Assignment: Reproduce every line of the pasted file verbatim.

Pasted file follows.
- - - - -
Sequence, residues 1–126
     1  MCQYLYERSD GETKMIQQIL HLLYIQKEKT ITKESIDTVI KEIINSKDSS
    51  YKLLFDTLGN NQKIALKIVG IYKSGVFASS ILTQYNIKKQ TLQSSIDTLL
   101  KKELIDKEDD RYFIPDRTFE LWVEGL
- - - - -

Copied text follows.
Sequence, residues 1–126
     1  MCQYLYERSD GETKMIQQIL HLLYIQKEKT ITKESIDTVI KEIINSKDSS
    51  YKLLFDTLGN NQKIALKIVG IYKSGVFASS ILTQYNIKKQ TLQSSIDTLL
   101  KKELIDKEDD RYFIPDRTFE LWVEGL